- The purpose of this study was to develop a mass-balance model for total suspended solids in the Tualatin River in order to better understand the clarity-turbidity problem in the river. Major sources and sinks of suspended solids in the river were identified, and seasonal effects were explored. The study also examined relationships between suspended solids and transparency, turbidity, chlorophyll i! in an attempt to better understand processes occurring in the river and its watershed.
To perform the mass balance, the river was divided into twelve sections, based on the monitoring stations of the Unified Sewerage Agency (USA) of Washington County, Oregon. Tributaries were treated as point sources flowing into one of these sections. The water quality and flow data of USA formed the basis of the mass balance, with additional flow data provided by the Oregon Water Resources Department, Tualatin Valley Irrigation District, and U. S. Geological Survey, and additional water quality data from Oregon Department of Environmental Quality.
Tributaries were found to be the major contributors of suspended solids loading in the Tualatin River. The major tributaries in this regard were Dairy Creek, Fanno Creek, Gales Creek, Rock Creek and Scoggins Creek. For the year 1992, the above five tributaries contributed 90% of the average suspended solids mass loading during the non-summer period and 79% during the summer season. Gales Creek is the major contributor to suspended solids mass loading during the non-summer season. Scoggins Creek, which receives the discharge of Hagg Lake is the major contributor of suspended solids to the river in the summer period (more than 50% of the combined loading of the five major tributary creeks, summer 1992). The tributaries also accounted for 63 % of thy flow (including withdrawals) in the river during the summer of 1992 and for 84% during the 1992 non-summer season.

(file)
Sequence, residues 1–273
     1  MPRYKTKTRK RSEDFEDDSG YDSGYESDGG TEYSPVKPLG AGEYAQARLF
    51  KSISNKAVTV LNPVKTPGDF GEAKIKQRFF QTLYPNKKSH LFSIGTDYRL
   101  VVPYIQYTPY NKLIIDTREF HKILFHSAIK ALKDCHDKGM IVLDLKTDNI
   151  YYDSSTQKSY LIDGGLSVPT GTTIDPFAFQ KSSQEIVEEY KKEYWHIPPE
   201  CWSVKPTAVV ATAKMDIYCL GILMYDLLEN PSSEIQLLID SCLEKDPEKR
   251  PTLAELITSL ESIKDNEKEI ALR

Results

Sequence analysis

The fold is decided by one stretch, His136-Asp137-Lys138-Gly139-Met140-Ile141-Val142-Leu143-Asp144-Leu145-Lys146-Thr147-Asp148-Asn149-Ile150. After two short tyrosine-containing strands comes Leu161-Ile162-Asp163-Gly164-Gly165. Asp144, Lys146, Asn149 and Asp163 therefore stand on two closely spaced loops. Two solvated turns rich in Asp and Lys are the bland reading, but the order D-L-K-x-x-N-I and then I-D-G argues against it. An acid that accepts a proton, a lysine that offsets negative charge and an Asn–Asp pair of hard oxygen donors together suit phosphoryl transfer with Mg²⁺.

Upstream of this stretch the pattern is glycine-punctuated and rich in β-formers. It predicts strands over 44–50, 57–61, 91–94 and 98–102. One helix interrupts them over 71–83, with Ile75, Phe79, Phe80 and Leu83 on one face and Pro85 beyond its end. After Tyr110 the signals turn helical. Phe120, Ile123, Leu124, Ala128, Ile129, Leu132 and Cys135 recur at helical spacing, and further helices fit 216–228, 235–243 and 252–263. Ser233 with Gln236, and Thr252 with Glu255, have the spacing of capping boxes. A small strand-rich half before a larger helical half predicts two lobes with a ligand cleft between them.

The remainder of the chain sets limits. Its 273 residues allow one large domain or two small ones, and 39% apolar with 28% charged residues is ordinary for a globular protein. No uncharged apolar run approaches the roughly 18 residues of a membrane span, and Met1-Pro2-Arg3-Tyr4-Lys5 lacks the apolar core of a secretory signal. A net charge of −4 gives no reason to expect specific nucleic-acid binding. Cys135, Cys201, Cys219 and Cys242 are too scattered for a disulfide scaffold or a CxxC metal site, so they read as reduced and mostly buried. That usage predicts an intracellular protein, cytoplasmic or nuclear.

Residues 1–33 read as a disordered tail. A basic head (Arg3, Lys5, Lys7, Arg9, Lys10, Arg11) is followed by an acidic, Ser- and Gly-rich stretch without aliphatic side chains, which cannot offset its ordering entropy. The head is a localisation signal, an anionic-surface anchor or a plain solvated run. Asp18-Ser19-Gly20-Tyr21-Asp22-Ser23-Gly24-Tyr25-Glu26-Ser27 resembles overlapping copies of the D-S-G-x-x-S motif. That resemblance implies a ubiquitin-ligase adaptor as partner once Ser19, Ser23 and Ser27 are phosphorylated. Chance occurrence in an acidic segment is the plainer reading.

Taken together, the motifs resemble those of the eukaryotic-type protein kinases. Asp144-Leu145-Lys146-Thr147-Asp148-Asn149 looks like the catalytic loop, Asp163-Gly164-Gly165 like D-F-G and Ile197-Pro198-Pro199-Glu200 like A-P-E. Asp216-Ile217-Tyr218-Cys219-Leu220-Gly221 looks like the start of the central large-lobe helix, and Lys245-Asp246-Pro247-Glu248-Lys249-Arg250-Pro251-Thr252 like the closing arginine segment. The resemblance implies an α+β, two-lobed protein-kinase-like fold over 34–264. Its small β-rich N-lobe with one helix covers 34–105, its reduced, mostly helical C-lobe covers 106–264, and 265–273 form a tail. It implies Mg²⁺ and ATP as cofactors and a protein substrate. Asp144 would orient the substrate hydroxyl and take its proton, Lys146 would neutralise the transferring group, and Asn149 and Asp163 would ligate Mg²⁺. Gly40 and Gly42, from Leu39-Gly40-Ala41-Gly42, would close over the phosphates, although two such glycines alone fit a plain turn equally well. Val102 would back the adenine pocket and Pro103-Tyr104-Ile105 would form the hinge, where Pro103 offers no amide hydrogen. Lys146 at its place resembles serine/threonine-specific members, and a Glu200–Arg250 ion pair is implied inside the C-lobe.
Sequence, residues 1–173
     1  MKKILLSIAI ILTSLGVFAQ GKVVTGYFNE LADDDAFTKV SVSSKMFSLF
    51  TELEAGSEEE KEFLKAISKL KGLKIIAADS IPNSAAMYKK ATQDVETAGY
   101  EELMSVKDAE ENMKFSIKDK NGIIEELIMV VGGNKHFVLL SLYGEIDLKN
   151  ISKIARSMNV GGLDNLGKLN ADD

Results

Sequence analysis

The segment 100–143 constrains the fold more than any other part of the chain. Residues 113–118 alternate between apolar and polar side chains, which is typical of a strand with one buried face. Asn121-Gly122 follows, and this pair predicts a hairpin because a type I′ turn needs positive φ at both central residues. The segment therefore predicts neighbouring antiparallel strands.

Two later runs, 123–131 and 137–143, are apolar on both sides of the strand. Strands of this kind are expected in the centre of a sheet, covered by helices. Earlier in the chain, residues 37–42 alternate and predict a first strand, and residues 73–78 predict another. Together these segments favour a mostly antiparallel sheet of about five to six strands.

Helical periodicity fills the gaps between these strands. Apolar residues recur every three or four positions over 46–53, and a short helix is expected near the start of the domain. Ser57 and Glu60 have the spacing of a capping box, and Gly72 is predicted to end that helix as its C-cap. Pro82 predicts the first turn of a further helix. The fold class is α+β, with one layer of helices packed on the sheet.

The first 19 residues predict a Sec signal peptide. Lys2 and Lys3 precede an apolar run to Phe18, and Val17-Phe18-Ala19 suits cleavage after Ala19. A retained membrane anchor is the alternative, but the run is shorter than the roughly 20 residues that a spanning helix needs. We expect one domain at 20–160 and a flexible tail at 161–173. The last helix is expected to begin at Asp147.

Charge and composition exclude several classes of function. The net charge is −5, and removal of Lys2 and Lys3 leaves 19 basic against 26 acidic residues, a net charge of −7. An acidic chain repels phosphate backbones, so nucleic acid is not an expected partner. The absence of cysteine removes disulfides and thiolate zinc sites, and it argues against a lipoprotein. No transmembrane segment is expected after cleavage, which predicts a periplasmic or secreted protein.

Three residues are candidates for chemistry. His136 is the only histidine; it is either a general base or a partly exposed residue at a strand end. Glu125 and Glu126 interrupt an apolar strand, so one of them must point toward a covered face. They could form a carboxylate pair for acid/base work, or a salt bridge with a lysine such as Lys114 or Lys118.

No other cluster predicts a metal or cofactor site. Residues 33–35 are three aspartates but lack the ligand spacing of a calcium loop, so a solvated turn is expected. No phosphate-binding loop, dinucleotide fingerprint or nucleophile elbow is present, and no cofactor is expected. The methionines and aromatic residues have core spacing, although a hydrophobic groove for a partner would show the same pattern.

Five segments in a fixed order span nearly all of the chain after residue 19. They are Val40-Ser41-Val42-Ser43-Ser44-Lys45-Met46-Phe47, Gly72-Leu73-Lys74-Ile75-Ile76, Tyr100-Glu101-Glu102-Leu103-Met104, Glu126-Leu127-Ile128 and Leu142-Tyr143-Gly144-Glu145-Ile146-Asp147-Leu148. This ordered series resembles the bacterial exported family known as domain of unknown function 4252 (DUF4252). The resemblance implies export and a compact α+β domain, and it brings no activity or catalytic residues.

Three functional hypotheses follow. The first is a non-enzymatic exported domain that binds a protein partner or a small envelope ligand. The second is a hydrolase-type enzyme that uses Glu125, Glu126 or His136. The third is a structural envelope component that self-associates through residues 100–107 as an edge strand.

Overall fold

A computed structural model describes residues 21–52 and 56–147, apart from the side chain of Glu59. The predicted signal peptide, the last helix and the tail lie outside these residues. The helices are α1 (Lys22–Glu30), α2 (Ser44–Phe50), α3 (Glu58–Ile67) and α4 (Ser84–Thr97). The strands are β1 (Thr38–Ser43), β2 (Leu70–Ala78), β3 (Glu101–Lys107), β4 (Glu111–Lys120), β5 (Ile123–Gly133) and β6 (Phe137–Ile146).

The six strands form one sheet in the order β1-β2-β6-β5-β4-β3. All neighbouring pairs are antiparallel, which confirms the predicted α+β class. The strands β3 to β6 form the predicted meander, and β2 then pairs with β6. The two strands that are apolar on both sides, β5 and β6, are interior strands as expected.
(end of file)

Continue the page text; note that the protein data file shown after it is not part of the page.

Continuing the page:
Changes in suspended solids loading in the Tualatin River were computed at stations above and below the entries of Scoggins, Gales, Rock and Dairy Creeks. Major increases were observed for these tributaries, emphasizing the finding that tributaries contribute suspended sediment to the river during the entire year and are major contributors during the non-summer season (except Scoggins, higher contributor during summer).
The seasonal variation of the suspended solids loading in the river differed by as much as a factor of ten, the loading being lower in summer when suspended solids concentrations averaged about 50% of non-summer values. Water clarity was found to be higher in summer, during which time chlorophyll g concentrations were also higher. Suspended solids concentration was inversely correlated with transparency (water clarity) and directly correlated with turbidity but found to be unrelated to chlorophyll g concentration, indicating the algae were not a primary constituent of the total solids.
Increased chlorophyll i! concentrations were not found to relate to any one particular factor but were found to be related as a combination of air temperature, and total phosphorus concentrations. This indicates that the cause of algal blooms are due to a combination of factors especially nutrient levels, water temperature and the residence time of water in the quiescent pool area.